MrLlamaSC - A very good Diablo 2 player who answers questions/talks with his audience.
Karl Jobst - Youtuber who not only talks about speedrun records but has also done a few himself. He talks regularly about fake speedruns also and is currently in a lawsuit against Billy Mitchell. He is also one of the people who brought up the inflated prices on some of the rarest retro games and how said prices were tied into some shady business done by a few culprits.
Muty - A lot of world best in games like Blood, Half-Life, and Quake.
 
May 1, 2020
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There's two categories of speedrunning videos I love watching; games that I have personally put a lot of hours into, and games that are broken janky-ass nonsense.
Generally, I think it's always fascinating to listen to people talk passionately about anything they know inside and out. I love the runners at AGDQ that explain the intricacies of what they're doing, and why, as they go through their run - I just think there's a particular joy in listening to people who are masters of their craft, even if their craft is glitchless any% on Pippa Funnell: The Stud Farm Inheritance on PC.
 

Zloth

Community Contributor
From this article by
...while killing companions and stuffing them into boxes or other characters' inventories seems to be the Divinity Engine's kryptonite, enabling all kinds of skips and mischief.
That makes me wonder if developers ever leave things like that in on purpose. After all, it only needs to be there in the very first version. They can fix it with a 1.01 patch on the first day to keep anybody playing the game normally from running into issues.
 
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PCGMollie

Staff member
Aug 14, 2023
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Generally, I think it's always fascinating to listen to people talk passionately about anything they know inside and out. I love the runners at AGDQ that explain the intricacies of what they're doing, and why, as they go through their run - I just think there's a particular joy in listening to people who are masters of their craft, even if their craft is glitchless any% on Pippa Funnell: The Stud Farm Inheritance on PC.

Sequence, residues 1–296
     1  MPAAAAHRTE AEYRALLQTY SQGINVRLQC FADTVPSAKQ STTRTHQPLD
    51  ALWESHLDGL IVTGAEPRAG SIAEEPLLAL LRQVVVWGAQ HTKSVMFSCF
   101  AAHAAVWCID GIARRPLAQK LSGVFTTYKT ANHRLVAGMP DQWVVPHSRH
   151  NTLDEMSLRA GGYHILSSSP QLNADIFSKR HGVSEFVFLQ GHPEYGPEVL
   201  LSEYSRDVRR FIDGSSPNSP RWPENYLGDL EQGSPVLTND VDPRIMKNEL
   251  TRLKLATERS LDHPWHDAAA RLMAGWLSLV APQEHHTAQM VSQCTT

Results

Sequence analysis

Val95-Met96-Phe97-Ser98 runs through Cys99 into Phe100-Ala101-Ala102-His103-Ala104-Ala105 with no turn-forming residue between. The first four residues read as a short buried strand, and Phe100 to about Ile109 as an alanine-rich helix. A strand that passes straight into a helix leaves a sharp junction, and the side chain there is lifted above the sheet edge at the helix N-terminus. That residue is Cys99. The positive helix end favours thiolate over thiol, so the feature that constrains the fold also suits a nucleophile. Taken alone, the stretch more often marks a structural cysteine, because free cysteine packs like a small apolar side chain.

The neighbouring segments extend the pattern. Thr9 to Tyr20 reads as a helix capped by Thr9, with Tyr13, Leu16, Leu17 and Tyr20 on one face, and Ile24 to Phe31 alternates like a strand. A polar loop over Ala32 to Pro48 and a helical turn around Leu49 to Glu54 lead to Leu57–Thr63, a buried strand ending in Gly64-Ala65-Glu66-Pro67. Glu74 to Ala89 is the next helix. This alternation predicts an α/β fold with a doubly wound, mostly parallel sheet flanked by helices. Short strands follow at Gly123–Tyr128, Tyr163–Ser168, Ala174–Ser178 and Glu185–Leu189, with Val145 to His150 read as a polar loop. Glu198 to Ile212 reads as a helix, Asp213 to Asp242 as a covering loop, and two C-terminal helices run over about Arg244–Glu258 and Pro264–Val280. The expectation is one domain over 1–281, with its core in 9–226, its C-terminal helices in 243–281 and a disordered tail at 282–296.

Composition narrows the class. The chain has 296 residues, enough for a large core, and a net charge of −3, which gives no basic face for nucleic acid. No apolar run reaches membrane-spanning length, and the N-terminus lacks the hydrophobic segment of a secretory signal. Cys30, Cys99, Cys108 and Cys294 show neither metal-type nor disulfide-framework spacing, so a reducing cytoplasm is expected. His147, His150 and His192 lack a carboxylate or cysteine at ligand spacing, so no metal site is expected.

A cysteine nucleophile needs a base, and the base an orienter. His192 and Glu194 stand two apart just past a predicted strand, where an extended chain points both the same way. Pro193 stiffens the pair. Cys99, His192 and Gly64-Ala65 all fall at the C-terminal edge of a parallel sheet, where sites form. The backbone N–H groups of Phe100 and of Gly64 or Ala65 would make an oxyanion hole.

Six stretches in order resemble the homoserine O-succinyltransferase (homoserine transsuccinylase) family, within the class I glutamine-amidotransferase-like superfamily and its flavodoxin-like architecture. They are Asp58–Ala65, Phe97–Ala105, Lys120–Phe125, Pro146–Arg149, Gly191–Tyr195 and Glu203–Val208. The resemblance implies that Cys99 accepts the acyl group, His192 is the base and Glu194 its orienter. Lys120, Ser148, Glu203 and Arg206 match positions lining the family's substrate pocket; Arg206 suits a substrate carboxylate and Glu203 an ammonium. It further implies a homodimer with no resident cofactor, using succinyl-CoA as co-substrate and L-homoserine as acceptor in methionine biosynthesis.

This is defo one of my favourite things too! Watching people effortlessly run through a game, talking about what they're doing and having a blast while it's all happening is so interesting to me. I can barely focus on a game when my cat is yowling at me for food, let alone trying to talk my way through every step and trying to beat a WR.

Something I didn't get to mention in the podcast (but have mentioned in previous episodes!) is that in 2020 I ended up getting super into Solitaire speedrunning during Those Times. I watched this PointCrow video live and since I was still living at university with not a lot to do, I ended up giving it a go. I think I ended up placing 5th before I eventually gave up. I'm not sure how long I was at that spot, I can't imagine it was very long.